Awesome Pea

Awesome Pea is a short, brutal, but nostalgic love letter to the platformers of yesteryear.

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PigeonDev; PS Vita; £4.99

4 out of 5 stars (4 / 5)

Inspired by the 8-bit glory days of the original Nintendo Gameboy, Awesome Pea is a short, brutal, but nostalgic love letter to the platformers of yesteryear.

With an instantly familiar pixel-art aesthetic, the developer has also incorporated the monochromatic ‘pea soup’ colour palette of the early Gameboy hardware.

By default, the game even features artificial scanlines and a screen-morphing CRT effect reminiscent of ’80s television sets, although these can be turned off in the settings menu.

You play as a cute little pea navigating Awesome Islands, collecting coins and jumping over spikes, ripsaws, fireball-spitting frogs and flaming skulls. As with most classic platformers, story and context take a backseat, letting the gameplay do the talking.

The levels are varied and the visuals are striking. The chiptune soundtrack is catchy and sufficiently retro to keep you engaged as you tackle the jumps and tumbles on offer.

Controls are simple, too: Left, Right, Jump are all you need to worry about. But you will worry. A lot. Because Awesome Pea is hard as ‘effing nails.

‘You wanna peas of me?!’ (-sorry)

Imagine if From Software had developed a platformer on the Gameboy. It would probably be something like this. The succesful trend with modern run-and-jump indies in recent years has been to make them super difficult. This game definitely ticks that box.

Awesome Pea is brutal in its playstyle, requiring you to learn constantly from your mistakes and remember the nuances of each level, replaying areas over and over again before you can nail that nigh-on-impossible leap with split-second timing.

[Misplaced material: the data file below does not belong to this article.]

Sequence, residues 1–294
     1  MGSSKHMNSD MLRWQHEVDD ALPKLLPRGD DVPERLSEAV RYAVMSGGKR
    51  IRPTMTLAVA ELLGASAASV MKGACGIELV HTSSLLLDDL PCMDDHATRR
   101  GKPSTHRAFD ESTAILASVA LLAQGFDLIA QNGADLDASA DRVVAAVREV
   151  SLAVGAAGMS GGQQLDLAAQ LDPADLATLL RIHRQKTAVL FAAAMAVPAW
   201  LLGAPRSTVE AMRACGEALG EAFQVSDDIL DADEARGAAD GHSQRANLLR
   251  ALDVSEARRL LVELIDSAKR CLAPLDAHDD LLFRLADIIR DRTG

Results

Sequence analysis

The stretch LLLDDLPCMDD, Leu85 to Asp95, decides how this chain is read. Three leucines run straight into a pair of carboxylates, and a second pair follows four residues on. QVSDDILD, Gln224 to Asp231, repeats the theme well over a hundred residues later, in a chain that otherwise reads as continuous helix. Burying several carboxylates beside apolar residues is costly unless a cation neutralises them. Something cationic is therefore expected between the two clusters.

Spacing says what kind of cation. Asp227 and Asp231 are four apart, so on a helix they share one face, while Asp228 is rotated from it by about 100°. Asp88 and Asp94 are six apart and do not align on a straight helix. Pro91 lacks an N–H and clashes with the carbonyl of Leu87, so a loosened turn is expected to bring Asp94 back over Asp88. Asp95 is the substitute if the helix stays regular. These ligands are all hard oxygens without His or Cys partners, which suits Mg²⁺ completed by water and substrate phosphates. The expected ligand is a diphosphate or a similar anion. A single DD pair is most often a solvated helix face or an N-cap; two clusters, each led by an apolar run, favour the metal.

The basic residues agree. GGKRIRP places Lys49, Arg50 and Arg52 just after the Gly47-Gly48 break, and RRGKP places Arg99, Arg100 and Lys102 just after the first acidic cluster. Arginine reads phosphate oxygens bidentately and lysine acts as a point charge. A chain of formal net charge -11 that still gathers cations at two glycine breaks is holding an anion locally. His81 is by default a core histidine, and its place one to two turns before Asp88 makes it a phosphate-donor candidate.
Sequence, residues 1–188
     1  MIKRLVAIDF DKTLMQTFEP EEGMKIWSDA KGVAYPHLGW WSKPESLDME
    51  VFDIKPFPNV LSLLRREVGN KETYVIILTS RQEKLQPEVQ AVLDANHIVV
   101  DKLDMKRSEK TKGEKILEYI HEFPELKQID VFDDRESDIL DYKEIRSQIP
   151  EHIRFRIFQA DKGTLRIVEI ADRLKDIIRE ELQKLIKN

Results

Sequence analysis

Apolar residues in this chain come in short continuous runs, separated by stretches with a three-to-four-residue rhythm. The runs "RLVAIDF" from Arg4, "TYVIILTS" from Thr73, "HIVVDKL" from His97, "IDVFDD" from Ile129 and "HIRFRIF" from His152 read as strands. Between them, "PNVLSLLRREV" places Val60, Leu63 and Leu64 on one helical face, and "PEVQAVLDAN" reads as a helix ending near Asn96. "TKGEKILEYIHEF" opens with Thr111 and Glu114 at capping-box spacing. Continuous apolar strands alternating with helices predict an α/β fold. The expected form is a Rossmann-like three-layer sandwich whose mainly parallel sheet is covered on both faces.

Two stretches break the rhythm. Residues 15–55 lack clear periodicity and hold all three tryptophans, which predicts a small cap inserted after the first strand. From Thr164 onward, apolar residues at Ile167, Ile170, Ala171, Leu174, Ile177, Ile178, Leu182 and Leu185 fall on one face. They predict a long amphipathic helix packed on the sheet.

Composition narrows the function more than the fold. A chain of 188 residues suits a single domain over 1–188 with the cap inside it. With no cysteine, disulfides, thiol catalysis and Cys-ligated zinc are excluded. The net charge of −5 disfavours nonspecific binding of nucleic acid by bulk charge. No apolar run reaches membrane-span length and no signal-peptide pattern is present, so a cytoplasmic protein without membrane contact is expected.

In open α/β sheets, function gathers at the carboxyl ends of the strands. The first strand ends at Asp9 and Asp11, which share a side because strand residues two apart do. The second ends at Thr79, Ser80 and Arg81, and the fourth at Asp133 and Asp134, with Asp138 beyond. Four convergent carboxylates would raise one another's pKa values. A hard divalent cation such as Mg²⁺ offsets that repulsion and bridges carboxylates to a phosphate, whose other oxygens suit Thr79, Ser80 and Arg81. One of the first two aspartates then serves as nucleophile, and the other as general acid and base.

Jumps require pixel perfect accuracy. The game is unforgiving in this respect and makes no apology, it has no checkpoints, but it does take pity on you by having an instant restart when your pea is reduced to mush.

The pea in question has the ability to double jump in mid-air and it’s in this fine detail where the devil lies. We spent several hours on one particular level convinced that the game was bugged, only to crack its mystery suddenly after dozens of aborted attempts.

After that eureka moment of finding the sweet spot, we were replaying the level just to beat our previous times. It’s this die-and-retry mechanic that keeps you coming back.

There are twenty five levels, set in varied locations that each provide plenty of challenge and replay value. Awesome Pea can never compete with much higher-profile indie platformers like Super Meat Boy or Celeste, but it’s still worth a playthrough.

This is a game built for speedrunning – by its very nature, its mechanics are easy learn but difficult to master. With a bigger audience this could prove a popular streaming title to watch players tear their hair out over.

The console launch of Awesome Pea gave us a welcome opportunity to dust off our PS Vita and it seems a perfect fit – mainly because handhelds like the Vita and Switch have a ‘suspend’ mode that allows you to take instant breaks, thereby avoiding console shaped holes in your living room wall.

If you’re a retro fan with a hardcore-platforming itch to scratch, we recommend checking out Awesome Pea. Just don’t say we didn’t warn you if your console ends up flying out of the window.

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John games on all platforms, across all generations, but believes indie game development is where true innovation lies. He's always on the lookout for new experiences, be it retro homebrew releases, Steam Early Access projects, or the next big VR hit.

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